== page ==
Theologies of Fear

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Two years ago I sat in a room crowded with 300 angry people and 700 more outside shouting, as I nervously whispered, “I’ve never been in a room where I’ve felt so much white Christian rage.” My colleague, a pastor from Pulaski, Tenn., nodded as I straightened up in my chair.

The crowd had come from surrounding states to this small community forum in Manchester, Tenn. They came to protest the forum’s concern for hate crimes against Muslims. National Islamophobic groups had bussed protestors in from hundreds of miles away, carrying messages and signs based on an ideology — some might say, theology — of bigotry. And they were truly angry, flashing their handguns and shouting down panelists. This was in the summer of 2013, but the memory still reminds me, why I moved to Tennessee to work on an interfaith public education effort to end anti-Muslim sentiment.

To be clear, these weren’t people who wanted to discuss the complexities of interfaith engagement while holding true to our particular faith claims. There are many people in this country who want to talk, for instance, about what interfaith relations mean for evangelism, or why a small number of Muslims today are turning to terrorism, without generalizing the Muslim community or wanting to see harm done to them. These were not the people at the forum, however. One thing alone had brought them to Manchester: fear.

Four Killed, One Wounded in Naval Reserve Shooting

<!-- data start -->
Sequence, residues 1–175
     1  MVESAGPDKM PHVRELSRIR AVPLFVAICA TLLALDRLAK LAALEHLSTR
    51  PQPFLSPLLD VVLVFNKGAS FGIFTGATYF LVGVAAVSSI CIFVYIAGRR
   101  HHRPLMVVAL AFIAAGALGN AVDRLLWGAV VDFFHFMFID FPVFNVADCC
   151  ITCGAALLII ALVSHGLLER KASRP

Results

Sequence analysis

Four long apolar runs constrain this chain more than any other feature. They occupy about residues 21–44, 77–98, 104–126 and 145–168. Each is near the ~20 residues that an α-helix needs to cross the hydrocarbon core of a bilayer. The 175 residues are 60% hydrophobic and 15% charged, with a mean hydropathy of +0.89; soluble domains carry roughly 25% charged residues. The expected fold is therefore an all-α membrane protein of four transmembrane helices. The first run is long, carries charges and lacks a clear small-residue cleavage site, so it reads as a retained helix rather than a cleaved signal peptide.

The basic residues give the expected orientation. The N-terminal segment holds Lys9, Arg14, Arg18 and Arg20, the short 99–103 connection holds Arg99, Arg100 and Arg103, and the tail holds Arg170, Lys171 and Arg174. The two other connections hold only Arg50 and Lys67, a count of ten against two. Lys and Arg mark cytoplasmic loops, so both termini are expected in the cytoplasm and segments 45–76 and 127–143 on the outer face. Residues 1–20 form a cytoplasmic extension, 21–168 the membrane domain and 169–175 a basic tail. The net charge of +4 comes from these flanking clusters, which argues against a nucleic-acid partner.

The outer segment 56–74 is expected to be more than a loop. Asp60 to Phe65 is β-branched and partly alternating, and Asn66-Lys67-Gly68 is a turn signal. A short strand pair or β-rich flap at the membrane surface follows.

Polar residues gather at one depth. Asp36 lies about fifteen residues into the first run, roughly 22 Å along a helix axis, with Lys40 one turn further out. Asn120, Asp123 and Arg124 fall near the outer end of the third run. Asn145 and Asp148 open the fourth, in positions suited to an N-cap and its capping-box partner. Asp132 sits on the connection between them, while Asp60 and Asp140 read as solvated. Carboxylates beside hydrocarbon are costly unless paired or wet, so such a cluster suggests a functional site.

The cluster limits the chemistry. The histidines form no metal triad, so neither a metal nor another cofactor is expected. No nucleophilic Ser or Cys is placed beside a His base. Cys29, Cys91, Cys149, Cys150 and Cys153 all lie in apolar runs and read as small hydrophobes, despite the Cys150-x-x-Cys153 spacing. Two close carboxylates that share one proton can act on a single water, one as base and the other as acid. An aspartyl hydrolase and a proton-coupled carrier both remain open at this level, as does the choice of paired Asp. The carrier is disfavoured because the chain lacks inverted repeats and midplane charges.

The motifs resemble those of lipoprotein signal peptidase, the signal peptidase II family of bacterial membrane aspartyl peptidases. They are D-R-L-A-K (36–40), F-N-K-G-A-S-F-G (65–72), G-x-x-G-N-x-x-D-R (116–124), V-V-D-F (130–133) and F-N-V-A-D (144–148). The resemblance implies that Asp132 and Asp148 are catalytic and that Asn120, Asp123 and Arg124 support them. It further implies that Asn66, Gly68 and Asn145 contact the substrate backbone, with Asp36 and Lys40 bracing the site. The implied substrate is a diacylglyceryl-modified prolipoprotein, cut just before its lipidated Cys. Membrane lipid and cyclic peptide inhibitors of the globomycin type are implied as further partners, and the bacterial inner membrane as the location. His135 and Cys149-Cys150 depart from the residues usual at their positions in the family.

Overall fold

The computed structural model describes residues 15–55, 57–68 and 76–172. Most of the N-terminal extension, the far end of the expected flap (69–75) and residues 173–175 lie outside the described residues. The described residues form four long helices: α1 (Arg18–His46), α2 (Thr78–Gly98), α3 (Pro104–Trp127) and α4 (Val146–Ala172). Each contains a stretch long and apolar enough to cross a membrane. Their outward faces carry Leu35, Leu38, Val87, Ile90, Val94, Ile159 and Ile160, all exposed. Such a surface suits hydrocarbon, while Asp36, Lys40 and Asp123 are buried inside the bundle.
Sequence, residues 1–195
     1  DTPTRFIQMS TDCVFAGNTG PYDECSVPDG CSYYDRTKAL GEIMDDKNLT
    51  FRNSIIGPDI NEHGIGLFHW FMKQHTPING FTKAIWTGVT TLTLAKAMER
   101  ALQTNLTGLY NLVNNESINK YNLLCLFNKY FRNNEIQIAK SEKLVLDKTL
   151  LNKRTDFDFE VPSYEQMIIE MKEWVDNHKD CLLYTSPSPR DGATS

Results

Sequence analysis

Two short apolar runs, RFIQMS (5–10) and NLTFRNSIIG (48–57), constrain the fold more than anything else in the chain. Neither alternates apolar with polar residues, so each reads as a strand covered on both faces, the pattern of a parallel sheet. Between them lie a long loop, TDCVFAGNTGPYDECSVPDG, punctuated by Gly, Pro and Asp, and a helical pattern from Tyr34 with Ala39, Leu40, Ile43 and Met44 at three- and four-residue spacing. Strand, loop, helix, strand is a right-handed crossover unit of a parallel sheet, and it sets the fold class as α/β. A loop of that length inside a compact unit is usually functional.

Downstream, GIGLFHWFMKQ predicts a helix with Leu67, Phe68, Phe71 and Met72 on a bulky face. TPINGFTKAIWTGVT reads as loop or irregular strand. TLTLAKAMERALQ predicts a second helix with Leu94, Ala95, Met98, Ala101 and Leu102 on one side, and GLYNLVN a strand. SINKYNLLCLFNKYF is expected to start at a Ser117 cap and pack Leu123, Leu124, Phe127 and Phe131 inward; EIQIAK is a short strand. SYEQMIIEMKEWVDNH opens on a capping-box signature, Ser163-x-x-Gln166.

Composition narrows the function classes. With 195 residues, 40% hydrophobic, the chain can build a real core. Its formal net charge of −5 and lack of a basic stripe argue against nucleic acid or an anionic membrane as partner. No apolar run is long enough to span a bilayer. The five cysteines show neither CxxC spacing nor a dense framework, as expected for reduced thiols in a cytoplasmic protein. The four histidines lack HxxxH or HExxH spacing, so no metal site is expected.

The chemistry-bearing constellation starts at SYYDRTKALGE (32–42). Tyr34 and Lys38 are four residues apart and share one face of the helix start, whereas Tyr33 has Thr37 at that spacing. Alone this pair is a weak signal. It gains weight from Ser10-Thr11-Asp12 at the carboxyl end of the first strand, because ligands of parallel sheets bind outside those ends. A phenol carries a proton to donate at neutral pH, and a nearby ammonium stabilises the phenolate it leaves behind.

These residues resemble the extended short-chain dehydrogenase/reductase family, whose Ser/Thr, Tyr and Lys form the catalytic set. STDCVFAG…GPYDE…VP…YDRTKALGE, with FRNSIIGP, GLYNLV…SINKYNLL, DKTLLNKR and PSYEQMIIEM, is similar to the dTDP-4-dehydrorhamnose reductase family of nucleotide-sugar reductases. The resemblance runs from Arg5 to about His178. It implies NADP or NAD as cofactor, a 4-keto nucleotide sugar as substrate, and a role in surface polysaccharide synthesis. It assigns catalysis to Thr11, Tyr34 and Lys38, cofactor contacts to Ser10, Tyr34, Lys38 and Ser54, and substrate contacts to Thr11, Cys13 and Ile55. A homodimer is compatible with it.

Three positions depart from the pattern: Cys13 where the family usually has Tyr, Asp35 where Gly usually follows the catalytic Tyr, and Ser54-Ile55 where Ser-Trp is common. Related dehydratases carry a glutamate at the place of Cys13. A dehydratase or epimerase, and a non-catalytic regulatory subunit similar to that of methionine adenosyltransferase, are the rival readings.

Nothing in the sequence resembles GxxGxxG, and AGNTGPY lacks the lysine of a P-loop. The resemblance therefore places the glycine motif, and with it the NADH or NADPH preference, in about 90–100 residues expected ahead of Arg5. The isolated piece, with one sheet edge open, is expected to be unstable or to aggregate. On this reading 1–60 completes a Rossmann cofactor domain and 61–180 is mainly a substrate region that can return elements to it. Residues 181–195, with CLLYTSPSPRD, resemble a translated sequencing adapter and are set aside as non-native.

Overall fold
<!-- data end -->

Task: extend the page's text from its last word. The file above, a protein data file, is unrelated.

Image via  Leonard Zhukovsky/Shutterstock

Image via  /Shutterstock

Four Marines were killed and one police officer wounded at a Naval Reserve center in Chattanooga, Tenn., on July 16, CNN reports.

The shooting occured at two sites — the first a military recruiting center — and lasted less than 30 minutes. According to CNN:

Investigators "have not determined whether it was an act of terrorism or whether it was a criminal act," Ed Reinhold, FBI special agent in charge, told reporters. "We are looking at every possible avenue, whether it was terrorism -- whether it was domestic, international -- or whether it was a simple, criminal act."

U.S. Attorney Bill Killian earlier told reporters that authorities were treating the shooting as an "act of domestic terrorism."

The suspected gunman is also dead. Read the full story here.

Gay Marriage Hits Major Bump in Federal Appeals Court

The National Organization for Marriage at the U.S. Supreme Court in March 2013. Creative Commons image by Elvert Barnes/RNS.

The same-sex marriage movement lost its first major case in a federal appeals court Thursday after a lengthy string of victories, creating a split among the nation’s circuit courts that virtually guarantees review by the U.S. Supreme Court.

The 2-1 ruling from the Cincinnati-based 6th U.S. Circuit Court of Appeals reversed lower court rulings that had struck down gay marriage bans in Michigan, Ohio, Kentucky and Tennessee.

More important, it gives Supreme Court justices an appellate ruling that runs counter to four others from the 4th, 7th, 9th and 10th circuits. Those rulings struck down same-sex marriage bans in Virginia, Indiana, Wisconsin, Oklahoma, Utah, Idaho and Nevada, leading to similar action in neighboring states.

Circuit Judge Jeffrey Sutton, one of the Republican Party’s most esteemed legal thinkers and writers, issued the 42-page decision precisely three months after hearing oral arguments in the cases, with fellow GOP nominee Deborah Cook concurring. He delivered a rare defeat for proponents of same-sex marriage, who had won nearly all the cases decided from Florida to Alaska since the Supreme Court ruled against the federal Defense of Marriage Act in June 2013.

Sutton argued that appellate judges’ hands are tied by a one-sentence Supreme Court ruling from 1972, which “upheld the
right of the people of a state to define marriage as they see it.” Last year’s high court decision requiring the federal government to recognize legal same-sex marriages does not negate the earlier ruling as it applies to states where gay marriage is not legal, he said.

What Happens Next in the 20 States That Still Ban Gay Marriage?